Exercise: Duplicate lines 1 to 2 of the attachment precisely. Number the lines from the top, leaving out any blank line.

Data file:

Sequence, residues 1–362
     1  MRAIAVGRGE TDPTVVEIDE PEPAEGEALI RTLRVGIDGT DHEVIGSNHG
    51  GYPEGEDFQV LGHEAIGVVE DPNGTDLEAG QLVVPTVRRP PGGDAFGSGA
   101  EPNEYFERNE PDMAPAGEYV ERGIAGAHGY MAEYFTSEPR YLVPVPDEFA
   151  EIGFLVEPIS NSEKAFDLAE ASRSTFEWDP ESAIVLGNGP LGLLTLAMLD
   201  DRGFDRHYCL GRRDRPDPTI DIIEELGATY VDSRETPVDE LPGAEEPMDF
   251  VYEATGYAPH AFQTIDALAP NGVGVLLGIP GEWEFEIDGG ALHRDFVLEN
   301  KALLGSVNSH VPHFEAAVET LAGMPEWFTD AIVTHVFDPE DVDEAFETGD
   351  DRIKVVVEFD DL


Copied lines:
Sequence, residues 1–362
     1  MRAIAVGRGE TDPTVVEIDE PEPAEGEALI RTLRVGIDGT DHEVIGSNHG